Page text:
Local Family ‘Sings Praise’ of Healthcare System After Complicated Procedures

Published Wednesday, March 30, 2016 at 5:24 pm

According to Randall Burkett, 63, the best part about attending Watauga High School was meeting a sweet girl named Donna Winebarger in study hall. Although she required some extra convincing, the two exchanged vows 43 years ago and have never looked back. Today, their passions include spending time with their son and daughter-in-law and serving their church through a variety of ways including singing in the choir.

unnamed-9Unfortunately, life changed abruptly one Sunday morning a few months ago when Burkett started sweating profusely and having trouble breathing while in the choir loft. After the service, he was encouraged by his doctor to go to the Emergency Department at Watauga Medical Center. He then underwent a battery of diagnostic tests including a chest x-ray and an Endobronchial Ultrasound – a new non-invasive technology used to diagnose diseases found in the chest. The tests revealed that Burkett had stage one lung cancer. This diagnosis caused the lifetime smoker to quit that same day.

Burkett’s case was reviewed by the tumor board – a team of doctors that meet weekly at Watauga Medical Center to review cases and determine the best treatment plan. The tumor board recommended a complex, yet minimally invasive, Video Assisted Thoracic Surgery (VATS) to remove the cancer.

Prior to surgery, however, additional complications arose after Burkett failed his pre-surgery stress test. As a precaution, he was referred to the Cardiovascular Lab at Watauga Medical Center to undergo a diagnostic heart catheterization. During the procedure, Interventional Cardiologist Paul Vignola discovered 90% blockages in two different arteries. Dr. Vignola inserted two stents which successfully cleared the blocked arteries.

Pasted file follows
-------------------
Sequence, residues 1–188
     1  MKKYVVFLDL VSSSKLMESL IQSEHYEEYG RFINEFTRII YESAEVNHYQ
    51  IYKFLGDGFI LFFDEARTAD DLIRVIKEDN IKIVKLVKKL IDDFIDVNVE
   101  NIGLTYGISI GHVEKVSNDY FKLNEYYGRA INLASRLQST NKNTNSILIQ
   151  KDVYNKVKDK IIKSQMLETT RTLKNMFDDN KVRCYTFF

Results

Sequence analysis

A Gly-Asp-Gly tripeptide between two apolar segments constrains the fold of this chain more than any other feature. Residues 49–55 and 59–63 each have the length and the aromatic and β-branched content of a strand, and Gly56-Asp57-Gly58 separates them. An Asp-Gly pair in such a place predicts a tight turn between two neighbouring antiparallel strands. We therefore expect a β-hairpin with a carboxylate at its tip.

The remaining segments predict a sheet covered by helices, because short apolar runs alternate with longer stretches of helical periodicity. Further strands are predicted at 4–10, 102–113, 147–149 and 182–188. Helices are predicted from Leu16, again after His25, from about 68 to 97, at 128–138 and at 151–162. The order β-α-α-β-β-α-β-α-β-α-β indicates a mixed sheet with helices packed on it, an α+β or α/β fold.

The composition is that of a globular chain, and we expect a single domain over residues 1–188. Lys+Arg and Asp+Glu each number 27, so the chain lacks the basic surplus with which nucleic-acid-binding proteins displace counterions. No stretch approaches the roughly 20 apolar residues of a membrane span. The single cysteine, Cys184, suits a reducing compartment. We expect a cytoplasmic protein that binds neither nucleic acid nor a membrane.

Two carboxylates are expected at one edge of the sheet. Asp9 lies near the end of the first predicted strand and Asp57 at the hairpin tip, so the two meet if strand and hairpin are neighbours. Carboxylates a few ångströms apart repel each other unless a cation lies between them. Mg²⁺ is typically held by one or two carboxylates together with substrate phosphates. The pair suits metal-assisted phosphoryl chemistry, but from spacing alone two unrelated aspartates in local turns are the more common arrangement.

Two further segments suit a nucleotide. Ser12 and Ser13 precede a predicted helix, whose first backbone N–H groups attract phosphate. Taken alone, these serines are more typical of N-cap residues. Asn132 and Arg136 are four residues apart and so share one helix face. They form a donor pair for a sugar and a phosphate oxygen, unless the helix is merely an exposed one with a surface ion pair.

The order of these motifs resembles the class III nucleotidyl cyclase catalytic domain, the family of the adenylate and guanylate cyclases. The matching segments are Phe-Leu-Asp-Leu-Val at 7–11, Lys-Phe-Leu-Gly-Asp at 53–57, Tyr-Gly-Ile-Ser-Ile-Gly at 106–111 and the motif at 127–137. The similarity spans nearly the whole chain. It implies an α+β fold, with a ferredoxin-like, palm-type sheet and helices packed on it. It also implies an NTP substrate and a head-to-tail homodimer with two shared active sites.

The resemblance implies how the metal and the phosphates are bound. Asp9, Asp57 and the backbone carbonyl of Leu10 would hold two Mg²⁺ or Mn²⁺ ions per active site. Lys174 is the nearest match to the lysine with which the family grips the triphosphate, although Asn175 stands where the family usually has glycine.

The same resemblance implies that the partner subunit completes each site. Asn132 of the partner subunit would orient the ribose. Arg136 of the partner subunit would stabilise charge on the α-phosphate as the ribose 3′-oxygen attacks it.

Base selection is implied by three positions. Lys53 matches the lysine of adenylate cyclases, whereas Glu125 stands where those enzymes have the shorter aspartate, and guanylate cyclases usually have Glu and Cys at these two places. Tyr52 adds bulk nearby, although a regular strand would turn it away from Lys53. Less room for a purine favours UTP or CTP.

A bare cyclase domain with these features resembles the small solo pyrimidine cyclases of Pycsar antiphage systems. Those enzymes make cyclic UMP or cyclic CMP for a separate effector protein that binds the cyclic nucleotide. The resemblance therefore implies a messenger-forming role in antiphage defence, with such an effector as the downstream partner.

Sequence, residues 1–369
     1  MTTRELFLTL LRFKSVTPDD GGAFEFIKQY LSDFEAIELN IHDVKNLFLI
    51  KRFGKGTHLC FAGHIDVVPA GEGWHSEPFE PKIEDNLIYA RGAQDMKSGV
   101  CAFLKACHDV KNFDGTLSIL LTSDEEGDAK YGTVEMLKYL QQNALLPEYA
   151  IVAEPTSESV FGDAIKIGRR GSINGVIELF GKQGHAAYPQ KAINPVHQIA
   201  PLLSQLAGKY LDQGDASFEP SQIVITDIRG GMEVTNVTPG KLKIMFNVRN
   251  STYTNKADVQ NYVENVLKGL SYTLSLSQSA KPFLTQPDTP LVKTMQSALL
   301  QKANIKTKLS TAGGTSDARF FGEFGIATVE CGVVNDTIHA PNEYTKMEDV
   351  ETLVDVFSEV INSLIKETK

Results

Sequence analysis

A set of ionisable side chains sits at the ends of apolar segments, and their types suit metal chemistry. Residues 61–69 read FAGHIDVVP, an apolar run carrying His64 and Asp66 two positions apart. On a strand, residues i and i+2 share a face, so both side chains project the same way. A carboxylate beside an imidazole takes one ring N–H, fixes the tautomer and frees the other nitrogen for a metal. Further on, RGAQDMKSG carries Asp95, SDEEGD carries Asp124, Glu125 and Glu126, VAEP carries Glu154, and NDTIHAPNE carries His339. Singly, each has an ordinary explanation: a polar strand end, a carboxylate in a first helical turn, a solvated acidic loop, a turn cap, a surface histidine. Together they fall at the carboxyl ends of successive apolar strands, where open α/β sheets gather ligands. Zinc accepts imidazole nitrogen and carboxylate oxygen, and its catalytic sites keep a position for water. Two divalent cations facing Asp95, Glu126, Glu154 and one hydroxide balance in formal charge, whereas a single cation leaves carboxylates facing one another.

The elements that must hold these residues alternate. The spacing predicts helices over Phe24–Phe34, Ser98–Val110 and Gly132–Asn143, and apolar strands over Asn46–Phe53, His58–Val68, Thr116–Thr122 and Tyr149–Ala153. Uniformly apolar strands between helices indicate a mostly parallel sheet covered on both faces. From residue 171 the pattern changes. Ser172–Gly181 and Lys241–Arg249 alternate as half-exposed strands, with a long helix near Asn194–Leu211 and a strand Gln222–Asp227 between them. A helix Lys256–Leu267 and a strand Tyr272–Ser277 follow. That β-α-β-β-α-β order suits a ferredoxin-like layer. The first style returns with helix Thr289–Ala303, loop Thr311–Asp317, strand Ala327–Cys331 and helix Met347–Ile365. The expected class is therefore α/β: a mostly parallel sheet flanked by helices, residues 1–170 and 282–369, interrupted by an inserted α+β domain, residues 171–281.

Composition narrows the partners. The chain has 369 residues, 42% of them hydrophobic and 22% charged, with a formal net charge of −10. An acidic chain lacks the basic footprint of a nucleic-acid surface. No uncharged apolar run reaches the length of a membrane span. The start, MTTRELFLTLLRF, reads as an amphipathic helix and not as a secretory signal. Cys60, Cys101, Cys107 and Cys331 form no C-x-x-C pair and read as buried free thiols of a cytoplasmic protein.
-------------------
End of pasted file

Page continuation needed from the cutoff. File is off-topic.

Afterward, Burkett was considered heart healthy enough for surgery. His VATS procedure was scheduled and successfully completed on December 28, 2015. Post-surgery, he was deemed cancer free and cleared to return home on New Year’s Day.

“Talk about a symbolic day to be discharged,” said Burkett. “I feel like I have been given a second chance on life. This year, my New Year’s resolution is to remain smoke free and to advise others that they should do the same.”

When asked if he considered going off the mountain for his treatment Burkett said, “I was proud to stay local. When I was 16-years-old Watauga Medical Center fixed my broken leg. Since then that hospital has grown into a wonderful healthcare system that is well-equipped to handle complicated cases like mine.”

Through tears of gratitude Donna Burkett said, “Knowing that my husband has been cleared to return to my side in life and in the church choir brings so much joy to my heart.”

The Burketts have faithfully served in their church and choir for more than 25 years. Today, they are singing hymns of thanks.

To learn more about Appalachian Regional Healthcare System visit www.apprhs.org.

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